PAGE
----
Emotional maturity and substance abuse

Does drug and alcohol abuse stunt emotional maturity?

This question has sparked a long, ongoing debate between healthcare professionals and research scientists. And in the book Substance Abuse and Emotion, this recurring debate is boiled down to one of two general assumptions:

  1. People who abuse drugs and/or alcohol do so because they are seeking pleasure from it.
  2. People abuse drugs and/or alcohol in order to escape other problems related to anxiety or depression.

The Effects of Drugs & Alcohol on Emotions

Historically, throughout human evolution, psychoactive drugs induced emotions that signaled increased fitness- NOT happiness. Humans would feel a sense of euphoria only when their fitness levels were high- not when their fitness levels were low. Today, psychoactive drugs are taken and used in order to recreate this same euphoric feeling, but may, in fact, act as a pathogen on neural circuitry [source].
Today, it may be argued that drug addicts use drugs, not as a means of increasing their fitness levels, but rather as a false sense of ‘making them feel good’ or projecting the pretense of having a positive effect on their bodies. When looking at the effect of alcohol addiction on addicts, author Tammy Saah postulates that if the perceived emotion before alcohol consumption is negative in nature, then the addict likely has little control over their alcohol use, drinking as a coping mechanism. If the perceived emotion prior to consuming alcohol is positive in nature, then the person is said to have more control over their use of the substance, drinking more in order to enhance the positive emotion that they are feeling. Saah goes on to state:
Since alcohol consumption alters normally functioning cognitive processes, it does not prove to be equal to evolutionarily superior internal coping mechanisms. Instead, alcohol mediates not only negative feelings by their suppression, but also encourages the habituated continuance of positive emotion. Recovering alcoholics often document reasons of relapse surrounding the drive to compensate for negative feelings, resulting in a motivation to cope and therefore to drink. [source]

Psychological Dependence on Drugs and Alcohol

Substance abusers may develop an emotional attachment to drugs and/or alcohol based on how it makes them feel. This is because substances such as drugs and alcohol interfere with the brain’s neurotransmitter, dopamine, which is responsible for making us feel ‘happy’ or ‘relaxed’. Addicts abuse more drugs and/or more alcohol in order to maintain  the level of pleasure or relaxation that they are feeling, never realizing the extent of the damage that they are doing to themselves or their loved ones.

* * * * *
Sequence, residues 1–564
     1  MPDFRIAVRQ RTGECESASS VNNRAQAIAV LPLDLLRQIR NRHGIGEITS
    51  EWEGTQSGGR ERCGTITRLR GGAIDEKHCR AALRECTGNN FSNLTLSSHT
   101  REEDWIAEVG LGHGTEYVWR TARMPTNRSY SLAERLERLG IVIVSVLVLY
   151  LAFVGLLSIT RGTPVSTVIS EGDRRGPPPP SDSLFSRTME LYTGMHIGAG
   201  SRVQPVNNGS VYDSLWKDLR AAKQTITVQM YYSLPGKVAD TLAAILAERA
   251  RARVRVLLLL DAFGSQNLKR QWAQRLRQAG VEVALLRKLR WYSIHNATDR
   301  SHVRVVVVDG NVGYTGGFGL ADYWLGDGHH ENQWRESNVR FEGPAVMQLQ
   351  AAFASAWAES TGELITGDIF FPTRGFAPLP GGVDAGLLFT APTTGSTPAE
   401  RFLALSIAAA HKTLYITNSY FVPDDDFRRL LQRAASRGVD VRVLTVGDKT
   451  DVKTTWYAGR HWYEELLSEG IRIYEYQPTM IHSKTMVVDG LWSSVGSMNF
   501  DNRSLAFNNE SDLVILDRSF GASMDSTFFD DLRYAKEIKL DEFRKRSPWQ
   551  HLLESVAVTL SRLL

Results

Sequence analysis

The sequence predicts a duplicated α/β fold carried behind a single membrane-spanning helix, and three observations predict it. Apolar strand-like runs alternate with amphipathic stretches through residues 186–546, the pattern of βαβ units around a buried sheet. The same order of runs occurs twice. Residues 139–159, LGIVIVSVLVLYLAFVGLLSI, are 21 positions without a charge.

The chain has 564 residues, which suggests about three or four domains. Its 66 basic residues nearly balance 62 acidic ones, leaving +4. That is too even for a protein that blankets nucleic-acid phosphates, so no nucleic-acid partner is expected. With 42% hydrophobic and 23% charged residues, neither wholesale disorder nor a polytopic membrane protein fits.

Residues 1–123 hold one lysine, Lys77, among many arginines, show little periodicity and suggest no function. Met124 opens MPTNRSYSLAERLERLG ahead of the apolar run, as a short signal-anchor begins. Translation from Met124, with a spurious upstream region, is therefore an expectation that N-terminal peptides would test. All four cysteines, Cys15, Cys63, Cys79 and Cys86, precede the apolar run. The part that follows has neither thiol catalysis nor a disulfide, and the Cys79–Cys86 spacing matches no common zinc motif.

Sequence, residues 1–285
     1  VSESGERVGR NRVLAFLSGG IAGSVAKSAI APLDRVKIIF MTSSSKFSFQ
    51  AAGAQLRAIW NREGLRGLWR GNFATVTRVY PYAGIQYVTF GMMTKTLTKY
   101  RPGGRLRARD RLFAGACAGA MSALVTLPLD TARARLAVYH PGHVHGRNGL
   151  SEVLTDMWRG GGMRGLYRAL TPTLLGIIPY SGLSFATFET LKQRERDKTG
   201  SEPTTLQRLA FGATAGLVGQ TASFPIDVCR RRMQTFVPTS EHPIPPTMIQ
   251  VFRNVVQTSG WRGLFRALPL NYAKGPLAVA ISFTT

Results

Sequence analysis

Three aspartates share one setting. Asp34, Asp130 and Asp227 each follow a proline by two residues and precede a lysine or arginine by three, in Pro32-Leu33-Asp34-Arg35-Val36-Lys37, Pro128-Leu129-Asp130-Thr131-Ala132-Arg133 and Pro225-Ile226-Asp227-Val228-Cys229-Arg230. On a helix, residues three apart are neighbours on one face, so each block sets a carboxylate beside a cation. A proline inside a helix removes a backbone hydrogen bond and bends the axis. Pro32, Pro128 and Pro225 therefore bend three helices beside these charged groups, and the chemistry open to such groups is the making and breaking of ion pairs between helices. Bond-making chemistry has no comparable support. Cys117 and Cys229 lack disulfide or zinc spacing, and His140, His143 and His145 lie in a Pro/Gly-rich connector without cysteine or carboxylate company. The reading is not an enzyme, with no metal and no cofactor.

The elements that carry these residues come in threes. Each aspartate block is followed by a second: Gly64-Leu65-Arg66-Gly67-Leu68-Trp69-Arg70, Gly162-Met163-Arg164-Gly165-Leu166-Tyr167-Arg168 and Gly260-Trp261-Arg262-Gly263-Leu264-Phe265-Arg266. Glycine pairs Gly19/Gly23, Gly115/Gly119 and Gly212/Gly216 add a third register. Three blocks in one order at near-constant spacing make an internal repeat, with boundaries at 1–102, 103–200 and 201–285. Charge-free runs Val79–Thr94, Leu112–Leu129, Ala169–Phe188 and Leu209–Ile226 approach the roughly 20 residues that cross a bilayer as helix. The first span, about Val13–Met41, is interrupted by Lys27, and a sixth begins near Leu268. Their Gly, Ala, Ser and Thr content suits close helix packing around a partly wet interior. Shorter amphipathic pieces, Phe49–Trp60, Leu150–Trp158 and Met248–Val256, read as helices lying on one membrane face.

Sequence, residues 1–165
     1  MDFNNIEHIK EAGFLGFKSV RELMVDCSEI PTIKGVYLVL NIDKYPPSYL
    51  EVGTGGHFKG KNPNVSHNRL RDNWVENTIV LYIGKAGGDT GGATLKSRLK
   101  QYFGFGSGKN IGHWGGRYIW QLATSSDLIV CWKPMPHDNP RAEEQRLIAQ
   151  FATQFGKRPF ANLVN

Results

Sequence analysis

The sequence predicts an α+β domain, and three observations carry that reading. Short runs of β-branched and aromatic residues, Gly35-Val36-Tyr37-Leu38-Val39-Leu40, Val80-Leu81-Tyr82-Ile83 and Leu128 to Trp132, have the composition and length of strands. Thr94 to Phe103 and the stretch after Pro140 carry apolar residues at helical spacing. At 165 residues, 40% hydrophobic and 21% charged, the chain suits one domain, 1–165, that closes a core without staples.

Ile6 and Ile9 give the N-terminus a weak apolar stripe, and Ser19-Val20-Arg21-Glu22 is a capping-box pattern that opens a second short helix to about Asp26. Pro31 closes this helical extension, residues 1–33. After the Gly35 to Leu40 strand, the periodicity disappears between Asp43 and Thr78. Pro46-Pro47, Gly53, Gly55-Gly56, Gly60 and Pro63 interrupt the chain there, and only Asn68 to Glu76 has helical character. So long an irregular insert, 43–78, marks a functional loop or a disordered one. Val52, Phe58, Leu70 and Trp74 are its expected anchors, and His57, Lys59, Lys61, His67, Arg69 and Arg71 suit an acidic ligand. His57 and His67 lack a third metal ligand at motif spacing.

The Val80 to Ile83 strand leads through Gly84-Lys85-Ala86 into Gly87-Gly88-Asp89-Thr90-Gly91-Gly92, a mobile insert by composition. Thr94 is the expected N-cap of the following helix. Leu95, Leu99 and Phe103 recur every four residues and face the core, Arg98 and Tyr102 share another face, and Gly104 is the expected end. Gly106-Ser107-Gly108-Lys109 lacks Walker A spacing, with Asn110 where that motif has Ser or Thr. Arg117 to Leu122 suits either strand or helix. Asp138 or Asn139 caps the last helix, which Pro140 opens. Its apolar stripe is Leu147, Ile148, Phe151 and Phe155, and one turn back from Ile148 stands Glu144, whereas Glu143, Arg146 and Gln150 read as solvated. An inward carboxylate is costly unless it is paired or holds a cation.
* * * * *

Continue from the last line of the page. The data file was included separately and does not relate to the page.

Emotional Maturity and Substance Abuse

As previously discussed in our other blog post, substance abuse DOES have a negative impact on emotional maturity. By abusing drugs and alcohol, addicts put themselves at an increased (and probable) risk of neuropsychological deterioration, making it difficult for them to recognize as well as process various emotions such as happiness, surprise, fear and sadness- as well as stunting their emotional growth in terms of the relationships that they keep with those around them.

According to a publication in ScienceDaily, throwing back a couple of cocktails in your 20s doesn’t necessarily constitute emotional immaturity or substance abuse. However, if one continues to make a habit of drinking and abusing alcohol into their thirties, then it becomes a different story.

Rachel Winograd, a researcher and doctoral student at the University of Missouri conducted a study that examined emotional maturity and alcohol use and found that when participants were interviewed at 25 years of age, some showed signs of alcohol use problems, but did not report any feelings of immaturity or lack of emotional development. However, when the same participants were interviewed later at the age of 29 and then again at the age of 35, there were individuals who showed signs of alcohol abuse and/or dependence as well as self-reported feelings of immaturity for their age.

Regarding the study, Winograd interpreted the findings as suggesting that when you are in a younger age bracket (such as 25 years old), it is culturally more acceptable to abuse alcohol. However, as time progresses and people grow older, most adults put the drinking behind them in order to focus on more important aspects of their lives:

…by 29, when many of their peers have settled down, individuals who still drink heavily may start to view themselves as ‘Peter Pans’ of partying, who never fully matured.

Resources:

  • Emotional effects of substance abuse | Livestrong | 2010
  • The evolutionary origins and significance of drug addiction | NCBI | 2005
  • Feelings of immaturity accompany alcohol misuse into adulthood  | ScienceDaily | 2012

Further Reading:

  • Teen alcohol abuse may be cause, rather than effect, of social isolation and poor grades | HP | June 2012